For Aeolus, we’ve been talking a lot lately about how to improve the user interface and make things generally more intuitive.
One thing I noticed the other day was more of a general difference between desktop apps and many web apps — the presence of explanatory text on each page, often with a sort of conversational tone. In a desktop app, you might be presented with a form with various controls that you’re expected to understand. In a web app, you might get asked, “Hey bro, now that you’ve X’ed the Y, it’s time to choose your Z!”
We probably don’t want to address anyone as “bro,” but I’ve been thinking a bit about the concept of what this might look like in Conductor. We have a variety of forms users are asked to fill out to complete certain actions, and it’s not always immediately obvious. And for someone new to Conductor, our teminology isn’t always intuitive, either. (And for intermediate users, it’s still easy to get a little bit confused from time to time.)
Here’s an example of what I’m thinking. When you go to create a deployable, here’s what you see (click for full-size):
That’s great for power users, but what if you’re not one? Wouldn’t it be nice if there was a little bit of a description? (And if you are a power user, be honest: you’re not going to read the instructions anyway, so they won’t do you any harm.) What about something like this:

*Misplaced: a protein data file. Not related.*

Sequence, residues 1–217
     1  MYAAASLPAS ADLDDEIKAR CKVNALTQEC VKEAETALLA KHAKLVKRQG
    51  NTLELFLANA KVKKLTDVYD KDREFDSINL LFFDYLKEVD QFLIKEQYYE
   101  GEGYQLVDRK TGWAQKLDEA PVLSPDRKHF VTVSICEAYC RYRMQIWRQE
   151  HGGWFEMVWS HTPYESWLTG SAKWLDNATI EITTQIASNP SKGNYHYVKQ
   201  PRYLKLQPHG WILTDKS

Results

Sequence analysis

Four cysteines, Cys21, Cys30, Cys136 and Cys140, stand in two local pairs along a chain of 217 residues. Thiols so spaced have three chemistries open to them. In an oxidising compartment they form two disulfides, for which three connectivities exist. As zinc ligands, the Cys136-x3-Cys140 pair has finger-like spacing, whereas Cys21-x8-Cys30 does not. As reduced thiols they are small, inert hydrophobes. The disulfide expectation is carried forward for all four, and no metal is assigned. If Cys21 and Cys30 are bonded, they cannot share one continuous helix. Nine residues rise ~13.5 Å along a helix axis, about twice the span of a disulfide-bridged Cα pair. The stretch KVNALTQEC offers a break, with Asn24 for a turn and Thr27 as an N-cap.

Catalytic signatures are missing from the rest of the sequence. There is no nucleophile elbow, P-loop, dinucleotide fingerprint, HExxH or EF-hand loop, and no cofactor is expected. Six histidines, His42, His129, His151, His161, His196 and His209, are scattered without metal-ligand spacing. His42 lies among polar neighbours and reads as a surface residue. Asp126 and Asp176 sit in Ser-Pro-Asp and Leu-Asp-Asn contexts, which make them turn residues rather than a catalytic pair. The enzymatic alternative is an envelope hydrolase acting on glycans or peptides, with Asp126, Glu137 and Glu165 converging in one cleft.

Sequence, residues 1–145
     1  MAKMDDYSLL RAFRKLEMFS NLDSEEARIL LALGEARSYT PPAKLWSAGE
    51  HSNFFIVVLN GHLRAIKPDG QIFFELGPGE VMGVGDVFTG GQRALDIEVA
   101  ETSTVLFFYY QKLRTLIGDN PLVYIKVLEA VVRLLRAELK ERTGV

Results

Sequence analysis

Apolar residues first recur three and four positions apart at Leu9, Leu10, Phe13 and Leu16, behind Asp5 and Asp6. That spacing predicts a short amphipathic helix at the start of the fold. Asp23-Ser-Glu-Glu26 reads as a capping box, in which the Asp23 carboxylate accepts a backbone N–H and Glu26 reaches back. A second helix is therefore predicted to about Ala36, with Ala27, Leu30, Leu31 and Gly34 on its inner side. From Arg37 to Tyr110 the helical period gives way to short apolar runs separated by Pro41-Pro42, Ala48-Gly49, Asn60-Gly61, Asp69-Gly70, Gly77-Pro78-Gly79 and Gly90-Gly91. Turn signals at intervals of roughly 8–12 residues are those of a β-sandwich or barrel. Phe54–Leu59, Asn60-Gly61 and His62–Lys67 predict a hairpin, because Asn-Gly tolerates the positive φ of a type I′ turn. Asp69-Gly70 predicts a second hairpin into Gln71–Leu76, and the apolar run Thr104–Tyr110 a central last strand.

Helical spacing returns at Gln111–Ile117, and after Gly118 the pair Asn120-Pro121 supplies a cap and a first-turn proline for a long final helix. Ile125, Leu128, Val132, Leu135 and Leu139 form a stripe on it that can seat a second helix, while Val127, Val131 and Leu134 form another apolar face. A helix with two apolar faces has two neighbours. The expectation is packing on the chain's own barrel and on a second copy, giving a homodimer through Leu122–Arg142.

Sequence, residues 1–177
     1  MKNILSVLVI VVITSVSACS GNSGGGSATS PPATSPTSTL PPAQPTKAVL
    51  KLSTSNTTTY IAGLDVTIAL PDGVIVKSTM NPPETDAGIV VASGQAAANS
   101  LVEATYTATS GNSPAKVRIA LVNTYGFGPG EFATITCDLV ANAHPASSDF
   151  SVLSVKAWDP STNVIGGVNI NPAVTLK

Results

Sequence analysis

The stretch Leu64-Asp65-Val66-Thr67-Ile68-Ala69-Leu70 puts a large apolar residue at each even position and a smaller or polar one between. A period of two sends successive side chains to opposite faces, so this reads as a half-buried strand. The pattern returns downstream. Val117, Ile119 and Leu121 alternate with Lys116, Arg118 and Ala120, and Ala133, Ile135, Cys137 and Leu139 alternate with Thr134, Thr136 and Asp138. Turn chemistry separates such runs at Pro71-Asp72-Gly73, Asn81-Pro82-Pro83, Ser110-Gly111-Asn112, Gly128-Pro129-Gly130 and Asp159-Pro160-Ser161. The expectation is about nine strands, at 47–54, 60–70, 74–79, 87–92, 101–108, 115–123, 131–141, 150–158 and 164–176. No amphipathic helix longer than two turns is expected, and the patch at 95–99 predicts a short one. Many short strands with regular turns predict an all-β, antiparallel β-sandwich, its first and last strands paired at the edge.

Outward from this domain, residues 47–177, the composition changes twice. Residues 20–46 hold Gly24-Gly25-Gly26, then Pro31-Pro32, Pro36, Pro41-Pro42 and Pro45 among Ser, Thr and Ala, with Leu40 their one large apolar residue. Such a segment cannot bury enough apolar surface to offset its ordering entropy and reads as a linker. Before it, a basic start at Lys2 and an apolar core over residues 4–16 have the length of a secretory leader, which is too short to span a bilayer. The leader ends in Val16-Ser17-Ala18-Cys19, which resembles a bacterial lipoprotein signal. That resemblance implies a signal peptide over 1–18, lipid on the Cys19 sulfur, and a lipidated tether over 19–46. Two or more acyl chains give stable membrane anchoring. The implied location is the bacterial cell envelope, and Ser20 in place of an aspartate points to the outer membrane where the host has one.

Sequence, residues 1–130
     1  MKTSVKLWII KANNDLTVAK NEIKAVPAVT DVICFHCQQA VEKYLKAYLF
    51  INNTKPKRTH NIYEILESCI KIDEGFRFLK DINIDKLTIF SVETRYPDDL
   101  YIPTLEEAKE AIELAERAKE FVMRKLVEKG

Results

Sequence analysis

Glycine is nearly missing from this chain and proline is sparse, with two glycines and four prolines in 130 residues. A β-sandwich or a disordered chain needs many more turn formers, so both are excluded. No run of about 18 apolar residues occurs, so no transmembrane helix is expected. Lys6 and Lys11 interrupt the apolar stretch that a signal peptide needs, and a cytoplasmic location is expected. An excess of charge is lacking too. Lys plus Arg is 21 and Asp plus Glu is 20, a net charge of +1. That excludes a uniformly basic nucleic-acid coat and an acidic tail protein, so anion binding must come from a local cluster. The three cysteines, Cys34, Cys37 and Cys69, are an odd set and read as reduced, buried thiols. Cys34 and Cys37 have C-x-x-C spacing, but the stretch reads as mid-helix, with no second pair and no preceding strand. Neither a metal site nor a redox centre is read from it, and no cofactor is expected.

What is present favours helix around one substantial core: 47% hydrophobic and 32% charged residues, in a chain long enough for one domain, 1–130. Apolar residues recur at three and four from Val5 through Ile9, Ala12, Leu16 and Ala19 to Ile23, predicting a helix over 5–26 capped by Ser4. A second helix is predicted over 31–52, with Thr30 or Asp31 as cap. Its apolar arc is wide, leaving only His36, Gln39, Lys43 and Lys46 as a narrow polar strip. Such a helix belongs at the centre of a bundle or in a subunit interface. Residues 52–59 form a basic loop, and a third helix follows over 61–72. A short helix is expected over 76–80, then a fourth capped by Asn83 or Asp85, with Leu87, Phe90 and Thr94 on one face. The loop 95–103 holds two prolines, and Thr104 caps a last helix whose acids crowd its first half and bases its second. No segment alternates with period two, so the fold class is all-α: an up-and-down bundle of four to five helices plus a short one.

The text there is really just a quick example, so please don’t worry too much about the exact tone or what we should do for styling of the text. For now I just threw a %p tag at the top of the page and took a quick stab at telling the user what they’re meant to do here. We should probably do better than I did, and actually explain what a “Deployable XML file” is, and how they could create one.
What do you think about this? Are there best practices for this sort of thing?